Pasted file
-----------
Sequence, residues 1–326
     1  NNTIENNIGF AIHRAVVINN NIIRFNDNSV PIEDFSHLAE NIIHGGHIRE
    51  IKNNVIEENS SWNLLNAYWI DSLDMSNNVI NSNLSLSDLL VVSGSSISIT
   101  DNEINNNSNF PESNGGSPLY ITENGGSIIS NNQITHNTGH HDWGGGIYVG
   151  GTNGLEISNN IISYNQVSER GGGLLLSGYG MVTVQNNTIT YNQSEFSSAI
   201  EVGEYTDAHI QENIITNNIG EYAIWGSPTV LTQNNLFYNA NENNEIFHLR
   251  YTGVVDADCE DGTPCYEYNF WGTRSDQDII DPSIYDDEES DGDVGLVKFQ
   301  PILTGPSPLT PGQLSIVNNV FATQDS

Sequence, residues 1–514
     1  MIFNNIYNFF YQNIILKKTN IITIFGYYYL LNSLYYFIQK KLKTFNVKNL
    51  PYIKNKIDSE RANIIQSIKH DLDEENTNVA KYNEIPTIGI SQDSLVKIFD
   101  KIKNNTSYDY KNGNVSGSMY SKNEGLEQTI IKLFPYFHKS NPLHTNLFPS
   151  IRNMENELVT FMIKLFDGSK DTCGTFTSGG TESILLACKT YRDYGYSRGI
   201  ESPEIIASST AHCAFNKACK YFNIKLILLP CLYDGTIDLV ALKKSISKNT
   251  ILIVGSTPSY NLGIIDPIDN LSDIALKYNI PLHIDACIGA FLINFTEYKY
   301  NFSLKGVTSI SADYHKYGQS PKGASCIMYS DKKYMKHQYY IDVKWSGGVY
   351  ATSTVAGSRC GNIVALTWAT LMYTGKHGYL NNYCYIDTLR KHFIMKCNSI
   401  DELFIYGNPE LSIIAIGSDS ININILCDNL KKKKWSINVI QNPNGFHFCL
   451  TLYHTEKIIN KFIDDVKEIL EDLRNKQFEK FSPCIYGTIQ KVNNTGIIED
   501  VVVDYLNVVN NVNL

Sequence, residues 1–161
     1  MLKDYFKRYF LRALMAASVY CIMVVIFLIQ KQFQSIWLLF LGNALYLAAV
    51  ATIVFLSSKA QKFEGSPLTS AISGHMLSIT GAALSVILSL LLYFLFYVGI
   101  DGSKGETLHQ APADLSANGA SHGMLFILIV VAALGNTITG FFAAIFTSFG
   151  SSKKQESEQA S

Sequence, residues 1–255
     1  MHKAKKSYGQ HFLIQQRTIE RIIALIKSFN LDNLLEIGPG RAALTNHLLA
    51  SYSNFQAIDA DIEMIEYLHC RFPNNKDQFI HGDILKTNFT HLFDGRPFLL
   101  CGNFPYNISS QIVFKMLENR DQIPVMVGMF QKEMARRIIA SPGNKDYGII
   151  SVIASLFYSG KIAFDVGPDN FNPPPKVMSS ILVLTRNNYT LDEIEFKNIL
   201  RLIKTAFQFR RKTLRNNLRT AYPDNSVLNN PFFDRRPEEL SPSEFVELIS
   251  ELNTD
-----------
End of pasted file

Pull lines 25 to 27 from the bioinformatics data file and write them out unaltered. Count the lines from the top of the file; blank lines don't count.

   151  SSKKQESEQA S

Sequence, residues 1–255
     1  MHKAKKSYGQ HFLIQQRTIE RIIALIKSFN LDNLLEIGPG RAALTNHLLA